Q: You say America is having a “Pontius Pilate moment.” What do you mean by that?
A: The most sinister line in the Bible is when Pilate asks Jesus, “What is truth?” The fact that he doesn’t wait around for Jesus’s answer tells us that he doesn’t mean it as a question. Pilate is rolling his eyes at the suggestion that truth matters in some transcendent way. What matters, from Pilate’s standpoint, is power. If you’ve got it, here and now, you get to decide what’s true.
Q: How does that relate to what’s happening in America in 2022?
A: Because we’re in the midst of an intellectual, moral, and cultural struggle over the nature of truth. I know that sounds a bit egg-headed; it’s not as though viewers are tuning in to Fox or CNN or MSNBC to hear debates on epistemology. But they are tuning in to hear debates on Woke politics—on Critical Race Theory, the Me-Too movement, and transgender-recognition. The unifying element of Woke politics is a particular way of understanding the nature of truth.
Q: All right, I’ll bite. What’s the nature of truth?
A: The traditional definition, going back to the ancient Greeks, is that truth is a correspondence between what you believe and a reality that exists independently of what you believe. If your belief matches up with reality, then your belief is true. Woke advocates reject that version of truth however. Their view of truth is much closer to Pilate’s. They view truth as a function of power. If you’re powerful enough, you grow your own truth.
Q: Well, power does give you a better chance to convince other people you’re right about what’s true….
A: You can convince other people of anything. But you can’t make what’s untrue true—at least not if truth is a correspondence with reality. Even if every person on earth believed that the sun revolved around the earth, that wouldn’t make it true. Likewise, to take a notorious example from CRT, even if every school kid in the US came to believe that the colonies declared independence from England in order to preserve slavery, that wouldn’t make it true. The truth is that the preservation of slavery wasn’t a primary, secondary, or even tertiary cause of the Revolutionary War…unless you subscribe to the idea that truth is a function of power. If you do, then you can change what’s true. You can retroactively make the preservation of slavery the primary cause of the Revolutionary War. That’s the aim of the 1619 Project. Its director admits that her goal isn’t to revise history to make it more accurate; it’s to substitute one narrative for another. To make that happen, you need power. Like the power of the New York Times. Or the Pulitzer Committee. Or a dozen or so state departments of education.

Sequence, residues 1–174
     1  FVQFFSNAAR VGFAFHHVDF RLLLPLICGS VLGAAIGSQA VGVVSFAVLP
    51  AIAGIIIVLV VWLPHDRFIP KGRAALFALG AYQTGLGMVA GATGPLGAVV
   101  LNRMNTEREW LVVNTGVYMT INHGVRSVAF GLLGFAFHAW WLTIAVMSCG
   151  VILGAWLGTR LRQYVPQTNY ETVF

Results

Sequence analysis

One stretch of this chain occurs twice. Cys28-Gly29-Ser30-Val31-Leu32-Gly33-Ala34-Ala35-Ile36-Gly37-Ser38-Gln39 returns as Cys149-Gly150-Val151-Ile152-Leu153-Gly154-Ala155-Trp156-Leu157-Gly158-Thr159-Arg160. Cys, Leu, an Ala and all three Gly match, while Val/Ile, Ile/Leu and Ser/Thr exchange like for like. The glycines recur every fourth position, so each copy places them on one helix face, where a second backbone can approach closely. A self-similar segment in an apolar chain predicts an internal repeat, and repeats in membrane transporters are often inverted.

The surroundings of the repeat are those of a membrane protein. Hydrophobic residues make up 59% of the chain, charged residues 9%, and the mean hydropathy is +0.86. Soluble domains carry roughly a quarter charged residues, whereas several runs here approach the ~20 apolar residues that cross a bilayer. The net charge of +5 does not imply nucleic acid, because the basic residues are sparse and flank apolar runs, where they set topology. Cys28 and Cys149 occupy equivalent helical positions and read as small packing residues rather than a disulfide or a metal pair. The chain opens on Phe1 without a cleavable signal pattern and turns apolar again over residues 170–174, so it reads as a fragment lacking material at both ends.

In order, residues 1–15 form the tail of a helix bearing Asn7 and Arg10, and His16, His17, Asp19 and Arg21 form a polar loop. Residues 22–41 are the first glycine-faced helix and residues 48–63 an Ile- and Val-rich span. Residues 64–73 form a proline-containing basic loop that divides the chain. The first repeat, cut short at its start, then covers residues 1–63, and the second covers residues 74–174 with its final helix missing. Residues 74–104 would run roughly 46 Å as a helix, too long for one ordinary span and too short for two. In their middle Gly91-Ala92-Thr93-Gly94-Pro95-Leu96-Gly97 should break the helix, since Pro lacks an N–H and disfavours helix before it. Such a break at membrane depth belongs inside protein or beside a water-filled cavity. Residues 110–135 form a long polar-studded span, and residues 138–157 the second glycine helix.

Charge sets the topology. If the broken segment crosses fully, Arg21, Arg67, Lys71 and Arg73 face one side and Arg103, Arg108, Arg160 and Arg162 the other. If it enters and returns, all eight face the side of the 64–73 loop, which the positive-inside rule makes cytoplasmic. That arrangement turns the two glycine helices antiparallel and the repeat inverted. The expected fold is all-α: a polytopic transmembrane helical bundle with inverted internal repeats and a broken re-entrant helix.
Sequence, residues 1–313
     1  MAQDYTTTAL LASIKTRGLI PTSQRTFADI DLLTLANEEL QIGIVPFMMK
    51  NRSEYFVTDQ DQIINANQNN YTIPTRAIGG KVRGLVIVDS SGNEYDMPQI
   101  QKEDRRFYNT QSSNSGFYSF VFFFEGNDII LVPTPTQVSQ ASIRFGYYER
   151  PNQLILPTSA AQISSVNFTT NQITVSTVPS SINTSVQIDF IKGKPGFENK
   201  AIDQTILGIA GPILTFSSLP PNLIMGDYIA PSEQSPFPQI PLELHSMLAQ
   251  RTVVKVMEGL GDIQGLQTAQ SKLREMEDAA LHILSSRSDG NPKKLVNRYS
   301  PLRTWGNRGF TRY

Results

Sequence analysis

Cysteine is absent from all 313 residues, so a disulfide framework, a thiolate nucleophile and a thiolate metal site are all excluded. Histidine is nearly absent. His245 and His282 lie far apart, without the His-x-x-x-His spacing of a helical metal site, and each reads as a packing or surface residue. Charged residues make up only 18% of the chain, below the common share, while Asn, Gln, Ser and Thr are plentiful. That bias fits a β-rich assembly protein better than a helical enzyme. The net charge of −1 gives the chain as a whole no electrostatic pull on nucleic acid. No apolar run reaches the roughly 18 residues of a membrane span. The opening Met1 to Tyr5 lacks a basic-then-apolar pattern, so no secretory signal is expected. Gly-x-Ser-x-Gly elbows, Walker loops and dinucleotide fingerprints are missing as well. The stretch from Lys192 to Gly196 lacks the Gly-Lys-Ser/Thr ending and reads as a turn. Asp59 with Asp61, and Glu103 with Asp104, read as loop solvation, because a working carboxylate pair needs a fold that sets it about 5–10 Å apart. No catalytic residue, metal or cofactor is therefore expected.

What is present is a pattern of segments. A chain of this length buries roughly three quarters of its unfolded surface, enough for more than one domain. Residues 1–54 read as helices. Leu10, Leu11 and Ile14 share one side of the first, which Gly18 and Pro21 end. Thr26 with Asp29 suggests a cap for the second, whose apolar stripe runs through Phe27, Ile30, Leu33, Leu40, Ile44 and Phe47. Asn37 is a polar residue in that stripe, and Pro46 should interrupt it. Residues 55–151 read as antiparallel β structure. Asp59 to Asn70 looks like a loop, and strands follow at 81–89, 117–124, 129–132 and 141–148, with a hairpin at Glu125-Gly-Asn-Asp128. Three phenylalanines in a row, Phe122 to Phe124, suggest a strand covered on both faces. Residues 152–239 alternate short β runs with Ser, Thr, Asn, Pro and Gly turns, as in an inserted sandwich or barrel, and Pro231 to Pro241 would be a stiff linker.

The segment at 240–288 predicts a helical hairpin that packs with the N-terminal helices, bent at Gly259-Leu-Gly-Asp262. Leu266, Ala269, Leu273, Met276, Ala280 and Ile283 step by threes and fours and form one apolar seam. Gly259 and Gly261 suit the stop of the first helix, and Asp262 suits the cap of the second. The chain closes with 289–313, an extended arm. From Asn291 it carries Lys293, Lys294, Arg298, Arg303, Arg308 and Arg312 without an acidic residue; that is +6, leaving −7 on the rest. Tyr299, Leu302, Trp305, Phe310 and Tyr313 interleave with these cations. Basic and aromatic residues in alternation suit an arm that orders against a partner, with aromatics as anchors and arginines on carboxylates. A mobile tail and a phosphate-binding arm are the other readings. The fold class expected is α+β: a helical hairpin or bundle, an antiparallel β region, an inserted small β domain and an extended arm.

Q: All right, but there’s more to CRT than just that one factoid.
A: There’s also racial essentialism, the idea that black people are are wired differently that non-black people, that they’re less exact in their thinking—and therefore that the requirement for exactitude in something like math is implicitly racist.
Q: How can math be racist?
A: Because it demands linear thinking and ends with only one correct answer. For critical race theorists, that normalizes the way white minds work. The National Museum of African American Heritage and Culture at the Smithsonian made this point explicitly a few years ago. “Objective, rational, linear thinking” is a hallmark of white supremacist culture.
Q: All right, that sounds racist.
A: It is racist. But it’s useful because it serves as a ready-made explanation of how oppression works. You don’t need Jim Crow when you’ve got standardized tests preventing black people from achieving their educational goals.
Q: How is any of that defensible?
A: It’s not objectively defensible. It’s only defensible in a subjective, impressionistic way. Advocates of CRT know it’s true because they feel it’s true. It’s their truth, and if they’re passionate enough about it, maybe they can bring the rest of us around. Then it will become everyone’s truth. To subject black people’s truth to the demands of evidence and logic—i.e., linear thinking—is to expect historically oppressed people to operate within the cognitive system of their oppressors. That’s yet another form of oppression.
Q: But black people have been oppressed.
A: Of course they have. Only a fool would deny that black people in the US were horrifically oppressed for centuries, or that vestiges of that oppression are still being felt today. Or that women’s potentials were systematically stymied well into the last century. Or that traditional notions of masculinity and femininity thwarted the pursuit of happiness for generation after generation of people who preferred not to conform to those notions. Woke movements begin with objective truths. But then they go off the deep end, at least philosophically.